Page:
Nor, finally, are war aims clear: the elimination of weapons of mass destruction is an objective with which Saddam Hussein can be expected to comply, if forced to do so. Regime change is another matter. That aim has never featured on the multilateral agenda, and, by giving Saddam Hussein no way out, it risks making war the only way to secure it.

On the other hand, the British Government has belatedly demonstrated, on September 24, the reality of Saddam Hussein's efforts to acquire weapons of mass destruction. And in his speech to the UN General Assembly, President Bush argued convincingly that Saddam Hussein's flagrant and serial defiance of Security Council resolutions itself threatened the credibility of the United Nations.

Moreover, although this has not been faced up to by many critics, it is probable that only the credible threat of force, implying its use if the threat fails, has any chance of getting Saddam Hussein to comply with the Security Council resolutions on weapons of mass destruction.

Given, however, the costs of intervention and the speculative nature so far of the threat, legitimate questions remain as to whether continuing Iraqi defiance is sufficient grounds for war. Conversely, if it really is too dangerous to allow continuing Iraqi work on weapons of mass destruction, or if it is worth paying the price of war to end Saddam Hussein's defiance of the United Nations, who decides?

For Europeans, this issue of legitimacy, the rule of law and the future of the United Nations itself are the nub of the matter. Europeans may "have no foreign policyƒother than a generalized commitment to international law and multilateral solutions," as one American commentator has suggested.

But, as another American analyst, Robert Kagan, showed in his celebrated article in Policy Review in July, this is a natural reflection of their experience in two World Wars and the Cold War.

The creation of a world order after World War I through the League of Nations having failed because of U.S. withdrawal, the second attempt through the United Nations has had strong U.S. support. So much so that former President Jimmy Carter was moved in September to express "deep concern" about what he called the Administration's "radical departure" from 50 years of tradition by Republican and Democratic presidents.

The UN-based international order is still very far from perfect, but it establishes important ground rules. Europeans could not understand its being ditched unilaterally by the United States without proper discussion, or without any alternative other than U.S. hegemony. History would surely judge this harshly.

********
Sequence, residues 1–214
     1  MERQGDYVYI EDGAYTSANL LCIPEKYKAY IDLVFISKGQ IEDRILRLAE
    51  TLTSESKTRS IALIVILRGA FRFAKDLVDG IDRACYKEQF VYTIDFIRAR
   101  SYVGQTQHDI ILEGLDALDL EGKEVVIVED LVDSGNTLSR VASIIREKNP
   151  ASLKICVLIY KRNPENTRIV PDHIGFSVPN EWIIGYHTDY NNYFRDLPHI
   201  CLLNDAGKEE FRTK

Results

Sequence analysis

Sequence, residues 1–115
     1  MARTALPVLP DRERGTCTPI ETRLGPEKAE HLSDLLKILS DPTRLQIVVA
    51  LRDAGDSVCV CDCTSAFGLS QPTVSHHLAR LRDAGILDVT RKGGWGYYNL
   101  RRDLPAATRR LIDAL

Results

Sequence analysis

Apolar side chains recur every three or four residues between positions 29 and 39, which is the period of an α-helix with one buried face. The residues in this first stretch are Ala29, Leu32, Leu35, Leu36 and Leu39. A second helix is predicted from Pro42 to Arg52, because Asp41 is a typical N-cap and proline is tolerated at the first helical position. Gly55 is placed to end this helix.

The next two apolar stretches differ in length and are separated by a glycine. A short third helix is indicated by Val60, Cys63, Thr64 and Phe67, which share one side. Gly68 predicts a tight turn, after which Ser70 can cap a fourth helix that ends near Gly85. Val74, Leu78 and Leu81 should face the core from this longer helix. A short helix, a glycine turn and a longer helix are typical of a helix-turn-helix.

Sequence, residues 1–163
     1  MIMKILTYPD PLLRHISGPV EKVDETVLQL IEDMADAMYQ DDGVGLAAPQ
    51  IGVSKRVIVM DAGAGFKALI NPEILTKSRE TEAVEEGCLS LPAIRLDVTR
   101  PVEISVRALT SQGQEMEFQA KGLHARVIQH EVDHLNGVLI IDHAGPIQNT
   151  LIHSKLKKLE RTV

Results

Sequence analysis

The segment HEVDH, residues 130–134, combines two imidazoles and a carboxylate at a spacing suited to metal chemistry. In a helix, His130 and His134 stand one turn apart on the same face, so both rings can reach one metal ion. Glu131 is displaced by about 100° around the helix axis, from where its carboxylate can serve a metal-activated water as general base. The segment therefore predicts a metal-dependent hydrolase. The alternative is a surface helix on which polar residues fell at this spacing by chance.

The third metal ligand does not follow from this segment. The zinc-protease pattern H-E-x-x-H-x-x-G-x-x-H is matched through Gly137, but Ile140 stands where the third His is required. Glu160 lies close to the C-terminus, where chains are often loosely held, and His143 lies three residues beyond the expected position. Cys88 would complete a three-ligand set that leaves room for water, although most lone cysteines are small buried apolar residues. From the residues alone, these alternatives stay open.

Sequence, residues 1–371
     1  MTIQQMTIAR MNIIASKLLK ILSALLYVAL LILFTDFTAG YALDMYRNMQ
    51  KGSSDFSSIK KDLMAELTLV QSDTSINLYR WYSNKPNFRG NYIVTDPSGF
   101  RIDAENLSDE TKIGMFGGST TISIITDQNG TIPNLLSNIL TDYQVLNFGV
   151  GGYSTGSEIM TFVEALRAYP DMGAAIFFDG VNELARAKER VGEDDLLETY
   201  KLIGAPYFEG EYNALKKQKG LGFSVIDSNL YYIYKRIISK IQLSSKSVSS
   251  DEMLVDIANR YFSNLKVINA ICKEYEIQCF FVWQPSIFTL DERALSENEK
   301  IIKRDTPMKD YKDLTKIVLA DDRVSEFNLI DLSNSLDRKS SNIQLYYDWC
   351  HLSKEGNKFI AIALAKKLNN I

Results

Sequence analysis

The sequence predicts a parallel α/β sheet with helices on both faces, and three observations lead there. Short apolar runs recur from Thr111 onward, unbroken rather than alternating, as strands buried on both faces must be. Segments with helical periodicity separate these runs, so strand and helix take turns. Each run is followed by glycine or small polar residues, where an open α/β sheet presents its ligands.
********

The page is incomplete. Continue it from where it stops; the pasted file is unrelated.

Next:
Europeans want to work within a rules-based system by dialogue, pressure, rewards and penalties, with force only as a last resort. Despite earlier chastening, indeed traumatic experiences in Vietnam, Lebanon and Somalia, the United States, with its triumphant emergence in the decade after the Cold War as the world's single hyperpower, secure and confident in its own virtue, is impatient and bridles at the constraints of having to pay attention to others' views.

The United States prefers to rely on its own overwhelming military strength and, in a "can-do" (rather than "cowboy") tradition, to use its power and leadership to change from outside the parameters within which Europeans feel it necessary to work.

The National Security Strategy has no qualms in combining the assertion of unrivalled U.S. military power, which nobody will be allowed to challenge, with a welcome for the responsibility of leading "the great mission" of promoting global security and extending the benefits of freedom across the globe.

While on its face benign, this is a breath-taking assertion of Pax Americana, which is bound to give rise to concerns in a Europe with a (no doubt self-interested) commitment to international cooperation and shared power and decision-making within accepted international institutions.

From a position of weakness, the Europeans want a functioning international system in which they have a significant part not subject to the dictates or the "unilateralism" of the United States or anyone else. For Europeans, this makes the Security Council an indispensable forum, where two leading EU members, France and Britain, have permanent seats, vetoes and thus an important voice.

Contrariwise, from a position of strength, the United States just wants to call the shots. But unilateral shot-calling can only bestow the legitimacy of might, which is what the international community has been working to remove these past 60 years.